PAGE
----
Chayei Sarah: Language and Translation

…and Abraham came to eulogize [lis’pod] Sarah and to bewail her [v’liv’kotah*]. (Stone**)

…mourn for Sarah and bewail her. (Plaut/JPS and TWC**)

…to mourn Sarah and to keen for her. (Alter**)

…set about to lament for Sara and to weep over her. (Fox*)
Breishit/Genesis 23:2 (*The kaf is written small)

Plaut explains that the two verbs describe both a sentiment and a set ritual. The Women’s Commentary** notes that this is one of only two uses of the root samech-pei-dalet, the other being Joseph’s mourning for Jacob, and “the only place where the text mentions details of mourning connection with a woman’s death.” Stone offers these comments:

To eulogize Sarah and to bewail her. The nuances of the phrase denote that Abraham eulogized his beloved wife by emphasizing the noble traits that had become associated with her name, for the name Sarah represented her as the princes of all mankind. (Kli Yakar [commentary by popular polish rabbi, c.1550-1619])

The word v’liv’kotah is written with a small [kaf] to suggest that the full extent of his weeping was kept private. His grief was infinite but the full measure of his pain was conceled in his heart and the privacy of his home. (Samson Raphael Hirsch [“great leader of German-Jewish Orthodoxy and battler against Reform,” 1808-1888]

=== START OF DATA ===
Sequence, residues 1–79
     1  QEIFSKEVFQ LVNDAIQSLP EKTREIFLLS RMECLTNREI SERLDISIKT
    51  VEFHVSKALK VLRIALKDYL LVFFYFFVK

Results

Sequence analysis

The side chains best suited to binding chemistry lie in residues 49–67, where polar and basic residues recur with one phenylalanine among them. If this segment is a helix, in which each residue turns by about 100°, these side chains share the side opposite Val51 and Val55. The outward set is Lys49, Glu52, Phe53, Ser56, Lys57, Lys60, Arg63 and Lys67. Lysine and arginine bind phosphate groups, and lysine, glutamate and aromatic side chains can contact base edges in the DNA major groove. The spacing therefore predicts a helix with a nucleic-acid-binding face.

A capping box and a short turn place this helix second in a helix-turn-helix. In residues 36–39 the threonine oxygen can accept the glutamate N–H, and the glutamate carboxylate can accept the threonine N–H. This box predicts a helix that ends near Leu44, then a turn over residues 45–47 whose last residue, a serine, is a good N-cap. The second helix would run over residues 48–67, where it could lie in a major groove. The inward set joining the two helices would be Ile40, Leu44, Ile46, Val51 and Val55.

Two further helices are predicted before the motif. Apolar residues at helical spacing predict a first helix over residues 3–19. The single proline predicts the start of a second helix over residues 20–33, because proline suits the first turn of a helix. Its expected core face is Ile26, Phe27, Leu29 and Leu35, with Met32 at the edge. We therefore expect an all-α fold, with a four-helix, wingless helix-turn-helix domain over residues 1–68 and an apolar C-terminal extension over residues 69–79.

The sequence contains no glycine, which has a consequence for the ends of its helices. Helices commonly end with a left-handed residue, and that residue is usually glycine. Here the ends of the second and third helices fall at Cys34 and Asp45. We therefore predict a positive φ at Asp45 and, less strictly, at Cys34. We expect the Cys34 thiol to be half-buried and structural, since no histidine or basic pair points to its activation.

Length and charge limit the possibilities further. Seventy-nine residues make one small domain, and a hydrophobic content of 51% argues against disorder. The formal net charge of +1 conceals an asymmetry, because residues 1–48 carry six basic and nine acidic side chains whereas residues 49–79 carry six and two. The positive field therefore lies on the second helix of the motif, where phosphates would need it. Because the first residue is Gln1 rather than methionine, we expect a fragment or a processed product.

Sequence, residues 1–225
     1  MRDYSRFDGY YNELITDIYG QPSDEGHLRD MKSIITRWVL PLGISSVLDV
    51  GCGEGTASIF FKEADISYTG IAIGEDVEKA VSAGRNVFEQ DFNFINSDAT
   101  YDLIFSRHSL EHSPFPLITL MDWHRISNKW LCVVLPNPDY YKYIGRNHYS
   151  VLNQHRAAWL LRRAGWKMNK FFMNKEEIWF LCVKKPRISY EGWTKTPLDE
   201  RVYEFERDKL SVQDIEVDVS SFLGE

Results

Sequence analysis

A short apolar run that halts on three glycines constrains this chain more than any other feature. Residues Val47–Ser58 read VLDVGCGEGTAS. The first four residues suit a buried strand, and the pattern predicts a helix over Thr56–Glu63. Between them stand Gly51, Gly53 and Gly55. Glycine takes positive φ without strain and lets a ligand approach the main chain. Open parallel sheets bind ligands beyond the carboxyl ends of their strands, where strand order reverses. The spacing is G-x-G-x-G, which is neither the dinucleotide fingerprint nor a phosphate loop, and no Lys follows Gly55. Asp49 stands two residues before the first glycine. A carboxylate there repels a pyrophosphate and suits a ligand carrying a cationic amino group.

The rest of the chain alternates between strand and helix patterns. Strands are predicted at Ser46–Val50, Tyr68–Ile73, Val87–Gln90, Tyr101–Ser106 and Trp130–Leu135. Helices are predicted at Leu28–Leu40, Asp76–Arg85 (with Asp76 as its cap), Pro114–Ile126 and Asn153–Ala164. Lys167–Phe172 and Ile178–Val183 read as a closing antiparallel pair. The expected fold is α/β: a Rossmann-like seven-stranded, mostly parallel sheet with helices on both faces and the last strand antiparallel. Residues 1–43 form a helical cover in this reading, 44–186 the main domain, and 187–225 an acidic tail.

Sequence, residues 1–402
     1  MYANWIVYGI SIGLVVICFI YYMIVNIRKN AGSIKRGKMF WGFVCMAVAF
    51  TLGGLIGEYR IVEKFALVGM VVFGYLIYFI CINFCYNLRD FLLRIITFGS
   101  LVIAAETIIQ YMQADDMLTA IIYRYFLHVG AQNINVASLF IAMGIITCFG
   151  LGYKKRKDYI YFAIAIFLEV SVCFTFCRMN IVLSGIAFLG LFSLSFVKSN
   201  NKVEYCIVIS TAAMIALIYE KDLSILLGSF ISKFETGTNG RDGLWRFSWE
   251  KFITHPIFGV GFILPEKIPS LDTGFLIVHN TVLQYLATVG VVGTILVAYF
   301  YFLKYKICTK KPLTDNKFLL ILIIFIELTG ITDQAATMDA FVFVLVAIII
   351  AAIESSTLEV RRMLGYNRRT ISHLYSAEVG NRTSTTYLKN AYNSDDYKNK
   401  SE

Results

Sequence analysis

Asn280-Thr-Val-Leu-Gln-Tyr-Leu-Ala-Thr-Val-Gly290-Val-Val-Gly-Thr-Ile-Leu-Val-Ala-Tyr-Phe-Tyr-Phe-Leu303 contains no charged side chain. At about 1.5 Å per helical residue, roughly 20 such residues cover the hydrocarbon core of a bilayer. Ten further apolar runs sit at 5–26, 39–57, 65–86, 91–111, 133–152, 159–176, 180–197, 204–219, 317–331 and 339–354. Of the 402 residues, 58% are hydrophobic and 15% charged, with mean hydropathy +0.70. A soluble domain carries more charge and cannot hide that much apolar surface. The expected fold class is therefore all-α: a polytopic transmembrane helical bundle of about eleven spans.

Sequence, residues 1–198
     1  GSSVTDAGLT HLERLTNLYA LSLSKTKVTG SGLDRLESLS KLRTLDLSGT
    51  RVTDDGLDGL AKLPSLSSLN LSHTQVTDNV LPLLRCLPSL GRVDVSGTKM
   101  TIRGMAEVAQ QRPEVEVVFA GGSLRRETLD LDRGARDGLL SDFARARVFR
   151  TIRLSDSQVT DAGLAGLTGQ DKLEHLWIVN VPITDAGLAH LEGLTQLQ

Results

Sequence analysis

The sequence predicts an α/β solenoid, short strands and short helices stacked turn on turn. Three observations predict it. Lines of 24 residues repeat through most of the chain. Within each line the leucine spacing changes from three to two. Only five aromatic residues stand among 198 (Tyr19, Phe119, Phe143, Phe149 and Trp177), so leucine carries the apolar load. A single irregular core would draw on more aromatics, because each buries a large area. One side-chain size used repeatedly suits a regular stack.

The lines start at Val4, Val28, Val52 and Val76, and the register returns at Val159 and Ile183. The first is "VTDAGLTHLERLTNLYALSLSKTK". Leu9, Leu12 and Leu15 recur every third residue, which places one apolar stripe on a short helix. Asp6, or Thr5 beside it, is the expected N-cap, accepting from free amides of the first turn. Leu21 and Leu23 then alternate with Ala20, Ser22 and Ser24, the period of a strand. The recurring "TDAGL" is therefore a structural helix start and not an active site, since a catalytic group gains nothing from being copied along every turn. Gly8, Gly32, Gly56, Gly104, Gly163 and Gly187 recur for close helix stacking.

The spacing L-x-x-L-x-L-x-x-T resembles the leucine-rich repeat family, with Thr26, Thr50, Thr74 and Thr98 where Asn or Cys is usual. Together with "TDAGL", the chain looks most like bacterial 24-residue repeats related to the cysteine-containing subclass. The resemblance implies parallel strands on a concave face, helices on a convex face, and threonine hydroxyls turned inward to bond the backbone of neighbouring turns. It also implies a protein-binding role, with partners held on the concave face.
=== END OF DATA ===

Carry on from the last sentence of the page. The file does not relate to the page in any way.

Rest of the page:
**For complete citations and more details, please see Source Materials.

————————————————————–
Click on the “WeeklyTorah” tag for more resources on the weekly portion throughout the year, or on a portion name for parashah-specific notes. (The series began with Numbers; posts for Genesis, Exodus and Leviticus are being drafted, week-by-week.) You can also zero-in on particular types of “Opening the Book” posts by clicking Language and Translation, Something to Notice, a Path to Follow, or Great Source in the tag cloud.

The “Opening the Book” series is presented in cooperation with the independent, cross-community Jewish Study Center and with Kol Isha, an open group pursuing spirituality from a woman’s perspective at Temple Micah (Reform). “A Song Every Day” is an independent blog, however, and all views, mistakes, etc. are the author’s.
———————————————————————————-

Leave a Reply

Fill in your details below or click an icon to log in:

WordPress.com Logo

You are commenting using your WordPress.com account. Log Out / Change )

Twitter picture

You are commenting using your Twitter account. Log Out / Change )

Facebook photo

You are commenting using your Facebook account. Log Out / Change )

Google+ photo

You are commenting using your Google+ account. Log Out / Change )

Connecting to %s

%d bloggers like this: